Y’know, it seems to me that when I’m running around my labor and delivery (L&D) unit so busy that I can’t remember where I’m going, that’s when I want to write so badly, I can barely contain myself. But on nights like this–those unusual nights where I have a brief reprieve from the chaos that is my work–I barely have two words to rub together.
I’m not a new nurse–not at all, honestly. I’ve done all kinds of nursing, but none like this before. My last few months were spent on orientation, trying to learn the ropes in this highly specialized field. And what an intense few months it has been.
Don’t get me wrong–I know how fortunate I am. Many nurses would kill for my job. But L&D nursing, as rewarding as it can be, has its ups and downs just like any other specialty in my highly diversified profession. Contrary to popular belief, my job entails much, much more than cuddling babies and holding the hands of laboring women.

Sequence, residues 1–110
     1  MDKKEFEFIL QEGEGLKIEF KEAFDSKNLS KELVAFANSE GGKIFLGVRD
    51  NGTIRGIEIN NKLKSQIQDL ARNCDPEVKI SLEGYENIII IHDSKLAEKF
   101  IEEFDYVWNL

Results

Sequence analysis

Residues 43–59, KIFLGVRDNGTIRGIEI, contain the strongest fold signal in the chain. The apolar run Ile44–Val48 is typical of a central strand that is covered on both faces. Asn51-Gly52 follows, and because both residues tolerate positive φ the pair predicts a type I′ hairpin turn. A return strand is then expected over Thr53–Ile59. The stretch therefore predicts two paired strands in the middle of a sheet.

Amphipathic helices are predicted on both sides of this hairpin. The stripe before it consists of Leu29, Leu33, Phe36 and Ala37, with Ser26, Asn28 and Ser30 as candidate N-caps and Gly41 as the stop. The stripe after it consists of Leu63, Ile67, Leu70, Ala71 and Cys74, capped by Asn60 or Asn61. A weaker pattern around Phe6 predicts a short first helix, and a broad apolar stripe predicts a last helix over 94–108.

Labor is a natural process, there’s no questioning that. Mammals of all kinds have experienced labor in the process of safely delivering offspring into the world from time immemorial. But just because something is natural doesn’t mean it’s without its dangers, and especially in the case of labor, history–if nothing else–will testify to that.
As an L&D nurse, I exist in this strange middle ground. I’m a mediator who makes every attempt to steer the natural course of events down that narrow road that’s flanked on either side by inaction, intervention, and all the associated the pitfalls therein. I still have much to learn, and I follow in the footsteps of my preceptors and coworkers, the great men and women who have taught and are continuing to teach me the tricks of their trade.
So whether you’re a student nurse, a new mother, an expectant father, an OBGYN, an L&D nurse yourself, or just a curious passer-by, go ahead. Take a read. I’ll see you on the other end of my next post.